World-renowned researcher speaks about misconceptions of bears

KEWEENAW — Forget everything you know about bears. ABC 10’s Keweenaw Bureau Reporter Rick Allen has more on how one expert is changing the way people think of them.

Black bears are vicious man–eating animals, that’s just one of the many misconceptions a world–renowned bear expert wants to clear up. Research Biologist Lynn Rogers gave a presentation at Michigan Tech Tuesday to educate people on the softer side of bears.

Rogers said, “I grew up afraid of bears and as I started studying them, I started to realize that everything I thought about them was wrong, and I’m like just about everybody else in my original beliefs.”

The event was part of a series of “Wildlife Through Forestry” forums, put on by the Michigan Department of Natural Resources. A Michigan native, Rogers has spent 50 years studying bears, mainly in the northeastern parts of Minnesota.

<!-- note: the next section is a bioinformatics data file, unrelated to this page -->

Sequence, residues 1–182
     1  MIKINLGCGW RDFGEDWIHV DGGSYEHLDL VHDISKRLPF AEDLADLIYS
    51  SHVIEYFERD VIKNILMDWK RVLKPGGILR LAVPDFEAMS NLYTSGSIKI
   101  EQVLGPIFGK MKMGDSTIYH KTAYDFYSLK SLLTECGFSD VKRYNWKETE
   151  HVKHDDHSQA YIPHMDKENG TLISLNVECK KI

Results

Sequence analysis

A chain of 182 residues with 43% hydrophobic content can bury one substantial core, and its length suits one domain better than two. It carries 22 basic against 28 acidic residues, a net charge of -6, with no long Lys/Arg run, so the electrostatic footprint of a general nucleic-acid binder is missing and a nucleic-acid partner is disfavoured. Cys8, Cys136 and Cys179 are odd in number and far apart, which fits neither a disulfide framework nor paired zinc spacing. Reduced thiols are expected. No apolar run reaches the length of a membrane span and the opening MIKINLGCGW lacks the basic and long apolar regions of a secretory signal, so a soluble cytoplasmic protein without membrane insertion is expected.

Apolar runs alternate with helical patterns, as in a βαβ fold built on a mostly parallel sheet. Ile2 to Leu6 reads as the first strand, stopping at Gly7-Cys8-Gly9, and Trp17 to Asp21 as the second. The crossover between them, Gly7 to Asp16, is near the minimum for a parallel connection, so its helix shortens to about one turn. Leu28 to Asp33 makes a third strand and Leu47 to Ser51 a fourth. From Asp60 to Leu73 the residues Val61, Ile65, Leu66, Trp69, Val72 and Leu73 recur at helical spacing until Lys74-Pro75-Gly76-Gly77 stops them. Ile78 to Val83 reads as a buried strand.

He set out to do what he describes as kinder, gentler research.

Often compared with Jane Goodall’s work with chimpanzees, Rogers studied bears up close while among them, something that was not easy to do at first.

Rogers said, “It took me 20 years to get over my fear and that’s why most people don’t do the kind of research that I do, is that they don’t get to get to have a lifetime career to really get into knowing the language of bears, being able to read them, and realize that they mean no harm. Like I’d see a bear that would be nervous, it’d pounce at me, slap the ground, blow, and pretty soon I realized that just means the bear is feeling anxiety, wants to talk about it and will not attack.”

You can learn a lot more about bears at the website for the North American Bear Center or The Wildlife Research Institute, where you can take a black bear field course this summer.